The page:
Bo Names Ex-Top Chinese Leaders in His Trial: Report

K J M Varma/Beijing
Bo Names Ex-Top Chinese Leaders in His Trial: Report

China's disgraced leader Bo Xilai mentioned the names of former President Hu Jintao and ex-security czar Zhou Yongkang during his high-profile trial over graft charges but the references were omitted from the transcript released by court, a media report said today.

While defending allegations of corruption against himself, 64-year-old Bo said that when he was the Commerce Minister he had briefed Hu, then General Secretary of CPC, about plans to grant permission to a private corporate group to import crude oil and petroleum, the Hong Kong-based South China Morning Post reported.

Bo was later accused of receiving hefty bribes from the company.

"The official transcript also removed Bo's mention of retired state leaders. In one instance, Bo explained to the court that, while he was minister of commerce, he had briefed then president Hu Jintao aboard his state aircraft on how he intended to grant permission to Xu Ming's company, Dalian Shide Group, to act as a private importer of crude oil and petroleum", the report said.

Xu is the tycoon from Dalian, where Bo was once mayor. Xu was said to have bankrolled the luxurious lifestyle of Bo's wife Gu Kailai and their son, Bo Guagua. Xu is also facing corruption charges.

The daily quoted "people with knowledge of the proceedings" as saying that Bo also claimed during his trial that he received orders from a law and order committee headed by China's former head of internal security Zhou on how to deal with the defection of Chongqing police chief Wang Lijiun to the US Consulate seeking asylum.

Bo, who is awaiting a verdict on charges of bribery, embezzlement and abuse of power after his sensational five-day trial, is widely seen as an ally of Zhou. The Court's verdict in the trial that concluded last week will be pronounced at a later date.

Wang, 53, a close aide of Bo escaped to the US Consulate in Chengdu fearing reprisals from Bo over the investigations into his wife Gu's role in the murder of British businessman Neil Heywood.

Wang came out of the US Consulate at the intervention of central leadership and blew the lid over Bo's activities, leading to his ouster from the Communist Party of China (CPC).

Wang is serving a 15-year jail term and was produced as the main witness against Bo during the trial.

Wang alleged that Bo punched him on the face when he revealed Gu's involvement in the murder. Gu was given a suspended death sentence in the murder case last year.

The report said that the references to top leaders concerning allegations of corruption and abuse of power were not released to the media by the Jinan People's Intermediate Court which was credited to have conducted "open trial" for the first time in modern China's judicial history.

Observers said that Bo's attempts to drag top retired leaders who handed over power to the new set of leadership headed by Xi Jinping violated an unwritten convention of sparing the retired leaders.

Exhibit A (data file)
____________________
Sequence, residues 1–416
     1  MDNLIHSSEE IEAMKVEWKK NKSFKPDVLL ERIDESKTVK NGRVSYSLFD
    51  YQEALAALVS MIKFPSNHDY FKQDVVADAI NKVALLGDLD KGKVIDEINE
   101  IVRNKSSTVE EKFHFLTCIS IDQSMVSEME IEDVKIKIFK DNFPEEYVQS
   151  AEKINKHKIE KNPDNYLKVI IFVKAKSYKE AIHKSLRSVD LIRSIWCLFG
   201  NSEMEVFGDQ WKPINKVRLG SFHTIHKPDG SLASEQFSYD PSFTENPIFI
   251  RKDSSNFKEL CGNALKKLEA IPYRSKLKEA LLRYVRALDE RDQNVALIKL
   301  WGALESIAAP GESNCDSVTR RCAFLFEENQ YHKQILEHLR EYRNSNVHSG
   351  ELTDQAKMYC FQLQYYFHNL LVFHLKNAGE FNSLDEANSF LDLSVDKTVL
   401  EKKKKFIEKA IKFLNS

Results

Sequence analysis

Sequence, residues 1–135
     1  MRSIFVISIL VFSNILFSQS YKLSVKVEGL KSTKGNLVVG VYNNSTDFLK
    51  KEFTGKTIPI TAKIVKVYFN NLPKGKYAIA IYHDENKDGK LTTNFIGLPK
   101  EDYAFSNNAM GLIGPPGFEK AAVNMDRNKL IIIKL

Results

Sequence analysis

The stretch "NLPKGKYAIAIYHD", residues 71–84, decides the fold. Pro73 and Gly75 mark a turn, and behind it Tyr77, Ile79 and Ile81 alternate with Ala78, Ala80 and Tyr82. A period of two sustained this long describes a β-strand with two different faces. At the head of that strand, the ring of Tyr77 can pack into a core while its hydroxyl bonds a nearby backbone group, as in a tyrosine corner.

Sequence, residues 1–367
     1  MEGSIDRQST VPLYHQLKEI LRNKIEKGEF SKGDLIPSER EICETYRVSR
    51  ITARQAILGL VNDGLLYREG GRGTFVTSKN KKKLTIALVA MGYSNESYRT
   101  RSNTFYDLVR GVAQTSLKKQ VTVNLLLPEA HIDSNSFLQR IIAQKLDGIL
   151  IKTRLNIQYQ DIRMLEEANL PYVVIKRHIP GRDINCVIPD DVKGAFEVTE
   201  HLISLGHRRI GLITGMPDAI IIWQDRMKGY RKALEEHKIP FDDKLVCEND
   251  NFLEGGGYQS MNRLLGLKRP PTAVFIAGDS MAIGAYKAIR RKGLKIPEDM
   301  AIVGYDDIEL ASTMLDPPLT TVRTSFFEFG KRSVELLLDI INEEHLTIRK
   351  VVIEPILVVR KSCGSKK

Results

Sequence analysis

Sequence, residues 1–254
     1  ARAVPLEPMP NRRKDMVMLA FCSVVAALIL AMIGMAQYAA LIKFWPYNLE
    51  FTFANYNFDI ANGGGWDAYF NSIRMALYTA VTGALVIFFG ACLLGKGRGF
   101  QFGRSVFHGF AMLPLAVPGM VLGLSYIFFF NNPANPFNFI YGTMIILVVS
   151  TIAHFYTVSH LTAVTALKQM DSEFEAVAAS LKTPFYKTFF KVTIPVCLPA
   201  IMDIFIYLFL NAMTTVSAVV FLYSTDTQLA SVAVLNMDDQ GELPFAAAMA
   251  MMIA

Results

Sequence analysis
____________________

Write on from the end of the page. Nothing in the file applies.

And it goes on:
They said it could open a pandora's box that could shake the 64-year-old ruling CPC's hold on power.

Bo's words to the court last week are the first direct evidence linking him to Zhou, himself now the subject of a party investigation for corruption, the Post report said.

An earlier report said that new party leaders have endorsed investigations against Zhou, the ninth ranked member of nine-member all powerful Standing Committee headed by Hu, which relinquished power in the once-in-a-decade power transfer of CPC last year.

A prosecution statement about the matter relating to Zhou was first redacted and then removed from the official trial transcript, the Post report said.

It suggests Zhou, was at least in contact with Bo about his handling of Wang's defection to the US consulate in Chengdu in February last year.

That incident brought down Bo, then head of Chongqing city and triggered China's biggest political scandal in decades.

At the time, Zhou was head of the Communist Party's Central Commission for Political and Legal Affairs.

Zhou was also reported to have supported Bo's campaign to revive hardline Maoist ideology restricting the economic reform path undertaken by the CPC.

He also reportedly backed Bo's plans to contest to be a member of the new seven-member standing committee headed by President Xi Jinping. The commission oversees the nation's courts, prosecutors and the police.

Three separate sources who either attended the trial or were later briefed on proceedings were quoted by the report as saying that the prosecution and Bo spelled out clearly in court that he got a six-item order from the "Central Political and Legal Affairs Committee" when handling Wang's defection.

An official transcript of the trial posted online on Monday only said that Bo had received orders from a higher body. However, this version, too, was changed within minutes to make no mention of Bo receiving orders from above, the report said.

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